DEARBORN, MI – Ford Motor Co.’s new Grand C-Max cross/utility vehicle, unveiled alongside a revamped C-Max today at the Frankfurt auto show, will launch in North America in late 2011.

Available in Europe since 2003, the C-Max has been a hot seller, and until now Ford has been tightlipped about whether the CUV ever would grace North American shores.

While the traditional C-Max is a 2-row vehicle that seats five, the Grand C-Max boasts three rows and seating for seven.

Both are based on Ford’s new C-car platform, which eventually will underpin 10 new models, including the new Focus arriving in North American next year. The architecture annually will account for more than 2 million new cars globally by 2012.

The Grand C-Max features twin rear sliding doors and is expected to fill a “white space” in the North American market, meaning it has no direct competitors, says Derrick Kuzak, group vice president-global product development.

During an auto show preview here, Kuzak displays a graph indicating where the Grand C-Max will reside in North American vehicle segments. While it stands alone, the Mazda5 and Kia Rondo CUVs are close by in the graph.

He declines to predict volumes for the new car, but notes North America’s automotive landscape is beginning to emulate Europe’s. As such, the new CUV will be catching this transition at an “opportune time.”

The tracks for the sliding rear doors were designed to be inconspicuous in order to avoid a minivan-like appearance, Kuzak says.

“The (functionality of the) sliding rear doors were very important to me, but they had to have very distinctive styling,” he says.

The Grand C-Max is not a “refrigerator on wheels like most people-carriers,” Kuzak adds, noting no decision has been made as to where the North American Grand C-Max will be built.

He also declines to reveal whether the Grand C-Max will retain its name in North America, saying that decision is up to the “marketing guys.”

When it initially launched in Europe, the C-Max was dubbed the Focus C-Max in order to build familiarity among consumers, but the Focus moniker eventually was dropped.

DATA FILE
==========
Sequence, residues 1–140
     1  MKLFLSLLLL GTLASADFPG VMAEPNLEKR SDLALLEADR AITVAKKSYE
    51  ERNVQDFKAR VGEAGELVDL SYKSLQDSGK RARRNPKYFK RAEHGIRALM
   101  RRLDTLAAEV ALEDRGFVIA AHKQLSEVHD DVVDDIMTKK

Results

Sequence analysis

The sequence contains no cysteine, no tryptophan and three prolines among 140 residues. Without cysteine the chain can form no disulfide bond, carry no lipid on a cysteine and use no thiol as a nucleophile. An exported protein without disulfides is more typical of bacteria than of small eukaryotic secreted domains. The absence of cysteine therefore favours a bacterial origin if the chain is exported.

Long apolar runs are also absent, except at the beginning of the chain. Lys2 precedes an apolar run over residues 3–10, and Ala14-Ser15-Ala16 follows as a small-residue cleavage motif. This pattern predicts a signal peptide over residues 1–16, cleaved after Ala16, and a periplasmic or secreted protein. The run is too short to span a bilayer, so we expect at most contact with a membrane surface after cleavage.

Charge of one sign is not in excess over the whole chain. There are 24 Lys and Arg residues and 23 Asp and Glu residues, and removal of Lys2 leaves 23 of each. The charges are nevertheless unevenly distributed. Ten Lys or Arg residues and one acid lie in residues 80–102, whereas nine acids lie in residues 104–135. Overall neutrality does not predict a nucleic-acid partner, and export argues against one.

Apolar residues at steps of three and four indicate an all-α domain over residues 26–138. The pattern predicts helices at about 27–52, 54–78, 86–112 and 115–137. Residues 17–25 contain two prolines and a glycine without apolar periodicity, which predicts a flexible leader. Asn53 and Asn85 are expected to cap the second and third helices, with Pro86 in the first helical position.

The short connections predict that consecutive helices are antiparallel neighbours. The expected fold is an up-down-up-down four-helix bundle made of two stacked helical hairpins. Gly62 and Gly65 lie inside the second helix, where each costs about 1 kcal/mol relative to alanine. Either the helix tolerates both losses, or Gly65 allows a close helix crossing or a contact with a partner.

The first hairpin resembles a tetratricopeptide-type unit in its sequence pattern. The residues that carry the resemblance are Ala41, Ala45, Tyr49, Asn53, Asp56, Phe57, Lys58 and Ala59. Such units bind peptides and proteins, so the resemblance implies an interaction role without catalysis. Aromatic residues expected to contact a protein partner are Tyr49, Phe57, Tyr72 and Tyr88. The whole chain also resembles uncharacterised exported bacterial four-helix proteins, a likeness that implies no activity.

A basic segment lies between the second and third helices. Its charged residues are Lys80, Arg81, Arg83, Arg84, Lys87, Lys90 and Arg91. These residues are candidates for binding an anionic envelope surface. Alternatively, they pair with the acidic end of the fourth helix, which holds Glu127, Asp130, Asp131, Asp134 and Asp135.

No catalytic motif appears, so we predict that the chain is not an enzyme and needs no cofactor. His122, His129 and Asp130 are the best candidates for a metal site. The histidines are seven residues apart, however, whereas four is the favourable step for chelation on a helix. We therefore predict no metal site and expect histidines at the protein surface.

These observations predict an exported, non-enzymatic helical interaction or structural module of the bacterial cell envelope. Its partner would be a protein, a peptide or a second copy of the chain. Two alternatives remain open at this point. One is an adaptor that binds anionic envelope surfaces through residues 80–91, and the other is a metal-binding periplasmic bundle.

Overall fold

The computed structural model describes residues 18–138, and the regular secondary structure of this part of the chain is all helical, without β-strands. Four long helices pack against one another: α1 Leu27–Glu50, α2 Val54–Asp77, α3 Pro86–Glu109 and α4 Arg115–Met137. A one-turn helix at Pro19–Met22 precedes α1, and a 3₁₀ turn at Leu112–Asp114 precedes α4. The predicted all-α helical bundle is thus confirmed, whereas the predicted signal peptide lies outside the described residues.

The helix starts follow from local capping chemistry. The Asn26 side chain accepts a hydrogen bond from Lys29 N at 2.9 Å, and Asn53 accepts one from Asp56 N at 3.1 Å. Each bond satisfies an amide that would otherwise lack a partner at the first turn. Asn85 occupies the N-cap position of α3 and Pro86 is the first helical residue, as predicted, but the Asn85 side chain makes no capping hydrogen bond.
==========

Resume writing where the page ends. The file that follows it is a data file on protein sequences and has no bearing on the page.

“If you think about how Europe launched it, there are some lessons learned,” hints Ford spokesman Mark Schirmer.

To maximize space in the Grand C-Max, Ford engineers developed a new folding mechanism for the second row that allows the center seat to fold under one of the two outboard seats, creating a walk-through space between them.

Ford has yet to reveal what engine will power the North American C-Max, but in Europe the CUV will come with a new direct-injected, turbocharged, EcoBoost 1.6L 4-cyl., expected to produce 180 hp and 170 lb.-ft. (125 Nm) of torque.

The 1.6L EcoBoost mill will be built at Bridgend engine plant in Wales, U.K.

Ford currently offers a 3.5L V-6 EcoBoost engine in North America – built in Brook Park, OH. It recently announced a 2.0L version would debut next year in Europe and North America. The 2.0L engine will be produced at Ford’s Valencia, Spain, engine plant.

By 2013, more than 90% of Ford’s North American lineup will be available with EcoBoost technology, and nearly 80% of Ford’s global nameplates will offer an EcoBoost option.

“EcoBoost technology gives us everything: a combination of the performance buyers expect and fuel-economy improvements they demand that, until now, only has been achievable with the latest-generation turbodiesel powertrains,” Kuzak says.

Both versions of the European C-Max will be built at Valencia and will be available in major European markets by late 2010.

Also at Frankfurt, Ford pulls the wraps off a European version of its Ford Focus electric vehicle, which will be used in the U.K. government’s “Ultra-Low Carbon Vehicles” demonstration initiative next year.

The program is designed to test the technology’s suitability for future application in Ford’s European lineup.

A consortium composed of Ford, Scottish Energy and Strathclyde University will use the fleet of 15 prototype EVs and a charging infrastructure in and around the London Borough of Hillingdon in 2010.

Ford and supplier partner Magna International Inc. plan to offer a Focus EV for sale in North America in 2011. Kuzak declines to reveal whether the vehicle ever will be sold in Europe, but notes the testing program also will gauge the region’s acceptance of the technology.

Ford also uses the Frankfurt stage to unveil the new version of its ECOnetic 1.6L diesel. Found in the Focus ECOnetic 5-door and wagon versions, the mill comes with Ford’s new optional start/stop technology and targets 99 g/km average carbon-dioxide emissions and a 62 mpg (3.8 L/100 km) fuel-economy rating.

The Focus ECOnetic is the first European Ford to offer the auto maker’s new Auto-Start-Stop System, which combines automotive engine start/stop operation with regenerative charging and advanced battery management systems.

“The new Focus ECOnetic is particularly significant as it paves the way for some of these technologies to be implemented into our core vehicle series in the near future,” says Thilo Seibert, manager of CO2 technologies for Ford of Europe.

While Ford offers a similar start/stop system in its North American hybrid-electric vehicles, officials decline to reveal whether the technology will make its way into non-hybrid North American models.